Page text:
2. Do you feel that the Mormon church places any restrictions on women
that are problematic?

The answer to that question depends upon individual women in the church and their personal background, perspectives and experience.  For instance, I personally have no problem that Mormon women do not exercise priesthood responsibilities in the church.  On the other hand, a minority of active women in the church do wish otherwise.  Generally Mormon women are comfortable with the patriarchal organization of the LDS Church.  It is a large part of Mormon culture.  Although that’s not to say it’s a perfect earthly system. After all, we are not perfect people, right? 

Personally I’ve found my experiences as a Mormon woman, in the LDS Church, very much affected by the men who hold authoritative positions.  And I suppose that’s because I have often throughout my adult life served in leadership positions available to Mormon women.  When men in the church have a firm grasp on the Mormon doctrine of womanhood, and that although men have been given the responsibility to lead in the church, women are equal in the eyes of God – things go quite well.  And I will say that this has generally been my experience and is the way it should be.  And yet I have seen and experienced what is referred to in the church as “unrighteous dominion” where a priesthood leader will diminish the thoughts, opinions and position of a woman based on his leadership position over her.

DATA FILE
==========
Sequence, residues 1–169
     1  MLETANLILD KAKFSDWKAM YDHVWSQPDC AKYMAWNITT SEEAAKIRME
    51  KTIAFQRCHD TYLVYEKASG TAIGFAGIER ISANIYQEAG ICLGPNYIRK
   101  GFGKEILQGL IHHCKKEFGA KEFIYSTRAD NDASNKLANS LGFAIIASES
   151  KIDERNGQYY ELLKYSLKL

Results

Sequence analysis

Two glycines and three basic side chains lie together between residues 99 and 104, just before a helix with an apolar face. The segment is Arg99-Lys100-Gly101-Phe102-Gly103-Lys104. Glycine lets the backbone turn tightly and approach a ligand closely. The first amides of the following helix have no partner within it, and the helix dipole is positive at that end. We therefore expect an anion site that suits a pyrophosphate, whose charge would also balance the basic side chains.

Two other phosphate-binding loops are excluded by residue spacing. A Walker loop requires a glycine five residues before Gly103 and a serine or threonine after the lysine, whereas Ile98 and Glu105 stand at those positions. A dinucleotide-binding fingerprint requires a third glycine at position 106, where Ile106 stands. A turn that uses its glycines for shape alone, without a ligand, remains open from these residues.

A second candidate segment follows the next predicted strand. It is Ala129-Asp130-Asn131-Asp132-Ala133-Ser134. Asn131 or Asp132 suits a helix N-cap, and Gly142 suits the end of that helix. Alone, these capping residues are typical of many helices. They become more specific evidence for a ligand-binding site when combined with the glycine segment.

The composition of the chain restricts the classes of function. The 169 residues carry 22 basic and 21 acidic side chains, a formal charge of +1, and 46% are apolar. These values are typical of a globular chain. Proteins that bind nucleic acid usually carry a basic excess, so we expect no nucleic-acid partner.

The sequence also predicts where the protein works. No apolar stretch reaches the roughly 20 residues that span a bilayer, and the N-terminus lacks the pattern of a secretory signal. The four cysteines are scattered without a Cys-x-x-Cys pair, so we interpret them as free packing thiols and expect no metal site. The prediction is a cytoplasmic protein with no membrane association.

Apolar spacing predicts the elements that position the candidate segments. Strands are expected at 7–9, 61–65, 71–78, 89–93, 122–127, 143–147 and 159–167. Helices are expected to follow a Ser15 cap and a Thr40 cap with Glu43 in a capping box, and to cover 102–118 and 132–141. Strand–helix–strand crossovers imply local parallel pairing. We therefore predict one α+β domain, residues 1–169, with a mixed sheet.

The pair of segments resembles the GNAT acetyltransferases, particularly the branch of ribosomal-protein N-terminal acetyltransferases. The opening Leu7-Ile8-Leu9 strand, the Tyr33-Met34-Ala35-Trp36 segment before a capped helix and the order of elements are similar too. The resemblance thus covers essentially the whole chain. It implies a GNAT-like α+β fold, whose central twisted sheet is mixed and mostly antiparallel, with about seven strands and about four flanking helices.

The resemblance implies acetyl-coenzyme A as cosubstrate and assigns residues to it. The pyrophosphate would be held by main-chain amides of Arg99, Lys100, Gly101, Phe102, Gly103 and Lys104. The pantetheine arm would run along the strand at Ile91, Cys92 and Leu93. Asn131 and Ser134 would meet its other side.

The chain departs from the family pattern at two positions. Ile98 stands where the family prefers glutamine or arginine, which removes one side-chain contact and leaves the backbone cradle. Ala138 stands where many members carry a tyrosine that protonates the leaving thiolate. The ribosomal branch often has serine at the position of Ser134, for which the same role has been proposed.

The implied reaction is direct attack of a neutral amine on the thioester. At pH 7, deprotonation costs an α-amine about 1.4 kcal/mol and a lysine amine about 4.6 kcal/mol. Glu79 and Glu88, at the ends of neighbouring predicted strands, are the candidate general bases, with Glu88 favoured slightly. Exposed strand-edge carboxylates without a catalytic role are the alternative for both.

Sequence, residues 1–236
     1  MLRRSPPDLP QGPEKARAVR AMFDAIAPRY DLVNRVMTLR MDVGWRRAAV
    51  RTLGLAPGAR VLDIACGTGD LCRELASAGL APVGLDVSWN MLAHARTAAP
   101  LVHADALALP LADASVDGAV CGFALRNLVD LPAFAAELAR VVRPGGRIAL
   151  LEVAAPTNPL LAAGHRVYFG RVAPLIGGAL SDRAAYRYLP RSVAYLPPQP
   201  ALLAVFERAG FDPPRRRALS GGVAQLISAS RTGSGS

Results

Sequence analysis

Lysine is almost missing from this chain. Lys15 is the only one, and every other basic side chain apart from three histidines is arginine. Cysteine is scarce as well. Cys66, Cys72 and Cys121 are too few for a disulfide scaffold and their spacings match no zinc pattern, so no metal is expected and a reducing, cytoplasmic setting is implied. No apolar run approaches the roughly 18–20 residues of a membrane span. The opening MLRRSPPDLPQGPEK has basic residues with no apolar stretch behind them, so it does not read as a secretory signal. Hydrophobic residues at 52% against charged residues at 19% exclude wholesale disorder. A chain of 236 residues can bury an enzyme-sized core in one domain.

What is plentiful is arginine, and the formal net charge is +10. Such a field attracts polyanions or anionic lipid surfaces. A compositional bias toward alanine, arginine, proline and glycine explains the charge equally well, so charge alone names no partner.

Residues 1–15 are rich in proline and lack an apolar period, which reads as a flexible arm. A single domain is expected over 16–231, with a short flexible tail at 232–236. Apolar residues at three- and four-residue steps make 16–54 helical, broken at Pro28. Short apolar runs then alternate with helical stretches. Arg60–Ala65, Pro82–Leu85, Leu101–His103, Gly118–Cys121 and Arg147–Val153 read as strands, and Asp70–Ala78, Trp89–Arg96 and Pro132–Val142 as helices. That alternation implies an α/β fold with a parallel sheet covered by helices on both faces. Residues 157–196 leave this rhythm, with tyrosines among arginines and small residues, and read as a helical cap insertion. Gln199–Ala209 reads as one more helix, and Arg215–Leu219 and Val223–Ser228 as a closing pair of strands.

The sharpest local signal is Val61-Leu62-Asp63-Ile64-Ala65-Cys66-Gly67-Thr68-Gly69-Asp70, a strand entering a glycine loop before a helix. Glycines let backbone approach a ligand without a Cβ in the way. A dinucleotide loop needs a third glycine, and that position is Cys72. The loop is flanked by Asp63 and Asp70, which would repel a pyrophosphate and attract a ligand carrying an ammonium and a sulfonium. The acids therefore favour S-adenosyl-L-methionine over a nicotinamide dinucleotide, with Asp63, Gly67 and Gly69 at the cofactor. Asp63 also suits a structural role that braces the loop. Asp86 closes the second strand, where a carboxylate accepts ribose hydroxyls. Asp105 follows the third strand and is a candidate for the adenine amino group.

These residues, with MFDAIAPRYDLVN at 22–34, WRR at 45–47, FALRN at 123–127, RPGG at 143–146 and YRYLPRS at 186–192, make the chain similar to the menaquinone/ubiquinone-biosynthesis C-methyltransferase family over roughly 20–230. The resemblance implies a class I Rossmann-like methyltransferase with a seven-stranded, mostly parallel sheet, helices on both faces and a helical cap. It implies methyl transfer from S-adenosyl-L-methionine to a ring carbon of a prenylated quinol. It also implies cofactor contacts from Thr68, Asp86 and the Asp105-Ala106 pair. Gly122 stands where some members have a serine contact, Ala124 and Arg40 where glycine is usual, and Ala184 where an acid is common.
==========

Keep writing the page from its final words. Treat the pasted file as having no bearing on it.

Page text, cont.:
There are a handful of leadership positions for Mormon women in the church, locally, who serve in these capacities under the direction of local priesthood leaders.  I have served in a number of these positions over the years and have found great fulfillment doing so as a woman in the church.    

However, in our homes it is different – men and women are encouraged to counsel together in all things pertaining to their families, as equals, and preside accordingly.  I think that younger people in the church are doing this much better than their parents.  I have three married daughters and am much impressed by how they delegate responsibilities with their spouses.  And equally I’m impressed with how these younger Mormon men are responding to greater equality in their marriages.  I’ve always felt that a good motto to live by is “every generation better”.  I see great application to this concept, in the LDS Church, with understanding and implementing proper roles between men and women.

Joseph Smith, founding prophet of the LDS Church, taught that teaching the members correct principles was the way to go, and then allow the people to govern themselves.  This is often a process that requires time and experience to get important things right. I’m happy to report that I see much improvement as church leaders continue to counsel members in these areas.

3. Margaret Toscano has said in a PBS interview that "there are some
things in the culture that are very damaging to women". Do you have
have any thoughts on the conflict she mentions between Mormonism and
feminism? (I should add that she also says, "there are a lot of
empowering things in the culture.").

I’ve already given you some of my personal thoughts on Mormon women and priesthood authority in the church, in my answer to the previous question.  I’m going to address her assessment that the “present structure of the LDS Church does not allow woman to develop her full personhood” -- which to me is the most troubling and revealing. Let me begin by saying that it is not my intention to be critical of Ms. Toscano’s experience. Certainly she is a very educated and articulate woman, however I feel that in the particular interview that you are referring to, she displays a lack of understanding of the relationship between the official LDS Church and its members.